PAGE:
Jack Bogle is rightfully being celebrated upon his passing for the great contributions he made to the retail investor and the investing world. The founder of Vanguard Group and inventor of the index fund was the champion of low-cost index investing for decades and helped many investors to build substantial wealth while limiting their risk.
While we will hear much about Bogle's remarkable legacy and how it has changed investing, there have been several other consequences of his efforts that have caused major changes in the market.
The first is that his push toward indexing has been one of the main driving forces in reducing commissions in nearly all areas of the market. To compete with low-priced index funds, brokers have had little choice but to cut commissions and fees. The disparity in performance was simply too great to justify when the other positives of indexing are considered.
Passive investing, indexing and lower commissions have led to another development that is not viewed as favorably, however. A huge percentage of the market is now in very large baskets of stocks and all those stocks tend to move in correlated fashion. When someone sells their position in the S&P 500 they sell a little of all 500 stocks. There is no attempt to separate the "good" stocks from the "bad." Everything is sold regardless of merit.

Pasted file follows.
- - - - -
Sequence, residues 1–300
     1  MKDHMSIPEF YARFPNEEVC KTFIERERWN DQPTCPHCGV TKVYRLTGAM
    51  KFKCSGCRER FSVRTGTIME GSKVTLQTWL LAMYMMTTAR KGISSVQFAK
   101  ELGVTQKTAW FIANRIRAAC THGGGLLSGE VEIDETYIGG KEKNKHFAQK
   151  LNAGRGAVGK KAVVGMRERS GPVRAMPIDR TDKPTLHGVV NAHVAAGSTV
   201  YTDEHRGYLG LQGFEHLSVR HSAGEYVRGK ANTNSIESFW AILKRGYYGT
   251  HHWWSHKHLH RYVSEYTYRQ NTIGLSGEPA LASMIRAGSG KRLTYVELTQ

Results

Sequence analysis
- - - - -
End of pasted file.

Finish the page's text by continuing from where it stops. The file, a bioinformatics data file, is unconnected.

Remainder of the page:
This past December we had a good illustration of what happens when investors dump their passive index funds. It can create greatly volatility as the selling feeds on itself. All stocks are crushed because investors sell them all when they escape poor action.
That kind of action has reversed in recent weeks, but we will continue to have this highly correlated movement at times because there are now so many assets in the passive funds that Bogle championed.
The good news is that indexing does create greater pricing inefficiencies in individual stocks, and that does lead to better opportunities. On the other hand, it makes for more randomness in the market as the fundamentals of individual stocks are largely ignored when you are buying and selling index funds.
Bogle has probably made more impact on the structure of the market than anyone but there are some negative consequences to passive investing as well.